About the Neutrals Set

Formerly known as Neutral Collections or NCs, the product name has changed because this Store software uses the term Collections to group and sort items for display.

Wardrobe neutral colours include the whites, beiges, grays, taupes, and browns. These frame our appearance, creating a background structure for the colours and details that will be added. We look at flowers more than stems, but flowers must be connected to their world, rather than floating in space, with stems that belong in the image. Meaningful, confident beauty requires the right foundation.

A set of neutral colours in your Season acts as a reference for adding these essential building block colours to your wardrobe. Decisions are quick and confident with these in hand.

In the envelope

The set includes 12 pieces of fabric measuring approximately 9x4 inches = 23x10 cm. The darkness (value) range spans the Season's white to black, and warmer to cooler range if it applies. At least one example of dark brown and navy are included, as well as a more pigmented colour or one that is unusual or challenging to find. Examples of these are Dark Winter red rust, True Winter red, Light Summer medium blue, and Light Spring shell pink and khaki.

The role of neutral colours

Neutral colours register in a subconscious way, as settings should, adding depth and realism to the plot and enriching the script. When neutrals and colours have a reason to be together, both perform to their full potential on your behalf. Your Season includes thousands of colours and PCA gives you the toolkit to select them. However, because they contain so little pigment, neutrals may be the most challenging to choose.

The colours you buy need not match the palette or NS precisely. The aim is that they look attractive, balanced, and rational together. Begin by placing several of the fabrics on garments and consider whether your attention feels evenly divided. The overall effect should be agreeable, united, and settled. Look for a sense of the colours having a common undercurrent or looking great together, as if lit by the same sun.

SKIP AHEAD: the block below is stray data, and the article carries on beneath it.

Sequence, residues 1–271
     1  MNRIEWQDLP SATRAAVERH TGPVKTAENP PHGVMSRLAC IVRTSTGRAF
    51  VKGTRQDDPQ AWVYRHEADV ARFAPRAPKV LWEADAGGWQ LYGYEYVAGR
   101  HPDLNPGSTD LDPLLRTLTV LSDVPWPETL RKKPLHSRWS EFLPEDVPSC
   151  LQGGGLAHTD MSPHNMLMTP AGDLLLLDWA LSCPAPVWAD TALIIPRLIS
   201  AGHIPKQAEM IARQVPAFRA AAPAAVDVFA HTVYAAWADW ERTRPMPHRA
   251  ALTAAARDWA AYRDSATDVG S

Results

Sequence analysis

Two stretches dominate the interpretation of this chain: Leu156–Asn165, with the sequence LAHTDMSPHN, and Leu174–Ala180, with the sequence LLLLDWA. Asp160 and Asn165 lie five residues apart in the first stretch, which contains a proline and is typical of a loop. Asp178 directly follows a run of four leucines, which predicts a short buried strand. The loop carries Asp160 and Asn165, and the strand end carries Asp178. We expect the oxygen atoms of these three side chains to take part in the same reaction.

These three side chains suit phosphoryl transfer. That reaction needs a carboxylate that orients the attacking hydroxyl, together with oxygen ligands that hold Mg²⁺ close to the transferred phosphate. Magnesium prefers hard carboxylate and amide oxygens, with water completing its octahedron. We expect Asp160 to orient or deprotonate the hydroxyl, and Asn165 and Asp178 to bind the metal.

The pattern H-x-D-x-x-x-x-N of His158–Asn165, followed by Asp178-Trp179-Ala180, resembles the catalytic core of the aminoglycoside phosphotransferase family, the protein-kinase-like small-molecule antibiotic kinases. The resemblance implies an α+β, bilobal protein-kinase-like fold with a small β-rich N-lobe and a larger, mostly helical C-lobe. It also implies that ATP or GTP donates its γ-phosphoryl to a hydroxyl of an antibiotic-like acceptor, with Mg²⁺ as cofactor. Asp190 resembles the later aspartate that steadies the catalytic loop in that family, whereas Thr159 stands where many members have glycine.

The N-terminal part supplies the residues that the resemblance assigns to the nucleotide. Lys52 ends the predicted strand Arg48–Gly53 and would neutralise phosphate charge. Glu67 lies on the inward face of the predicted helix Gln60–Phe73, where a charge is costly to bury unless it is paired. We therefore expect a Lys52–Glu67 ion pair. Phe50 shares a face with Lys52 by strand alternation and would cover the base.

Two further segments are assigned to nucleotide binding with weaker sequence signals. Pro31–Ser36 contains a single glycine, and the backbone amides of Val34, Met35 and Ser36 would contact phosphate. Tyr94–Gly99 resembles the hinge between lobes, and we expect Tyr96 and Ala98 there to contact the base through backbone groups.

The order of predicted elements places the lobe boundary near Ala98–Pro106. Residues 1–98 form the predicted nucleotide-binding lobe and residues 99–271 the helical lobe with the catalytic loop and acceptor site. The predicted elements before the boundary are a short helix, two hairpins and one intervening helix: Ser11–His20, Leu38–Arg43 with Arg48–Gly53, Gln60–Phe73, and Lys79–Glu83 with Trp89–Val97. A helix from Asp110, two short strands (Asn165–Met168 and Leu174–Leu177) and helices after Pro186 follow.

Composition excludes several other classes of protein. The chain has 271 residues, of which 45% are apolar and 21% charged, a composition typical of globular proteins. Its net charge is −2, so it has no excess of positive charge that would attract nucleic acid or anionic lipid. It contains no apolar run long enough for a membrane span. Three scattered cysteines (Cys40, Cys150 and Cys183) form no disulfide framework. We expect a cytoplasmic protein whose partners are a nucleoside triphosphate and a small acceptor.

A mildly displeasing combination is not an automatic exclusion. Especially for Neutral Seasons, colours have a warm to cool range. You might wear the warmer colours together, or your taste may enjoy matching warm with cool. Season narrows down the field to a place where there are many rights and very few wrongs, or none, although individual preferences within the Season vary.

While each colour in your NS is unique to the Season, many are adaptable, as neutral colours often are. Don’t worry about being perfect. You are so much more intentional with your outfits than before your PCA that these small variations are unimportant. The colours will find their shared territory and enhance one another elegantly. 

Take your NS shopping to compare fabrics under the same lighting conditions. Holding them inside your field of vision allows your eyes to find similar colours without requiring effort on your part. In fact, sometimes it’s better to just let our eyes do the work that they know how to do as we get pulled along. Some clients prefer the pieces to remain separate. Others have sewn them together in a diagonal along the top corner or keep them together with a paper clip or clamp.

Learning more from your NS

If colour is available, it occupies our awareness. By excluding it, neutrals teach us about our Season in a different way. Below is a list of more examples detailing specific information that can be gained from your NS:

Value range. Notice the distance between lightest and darkest colours. This range applies to every colour you add, from apparel to highlights in hair to your eyeshadow design. How near and far are the lightest and darkest colours from pure black and white? Notice if the colours have warmth and whether the darkest colours retain a soft or dusty impression, or if they seem ink-dark. Try describing your white and black in your own words, which may be helpful for you and store staff when shopping. How you combine your lights and darks is your choice. Some days, wear your lightest and darkest for a crisp or formal look. Other days, combine your midtones and bring in more colour.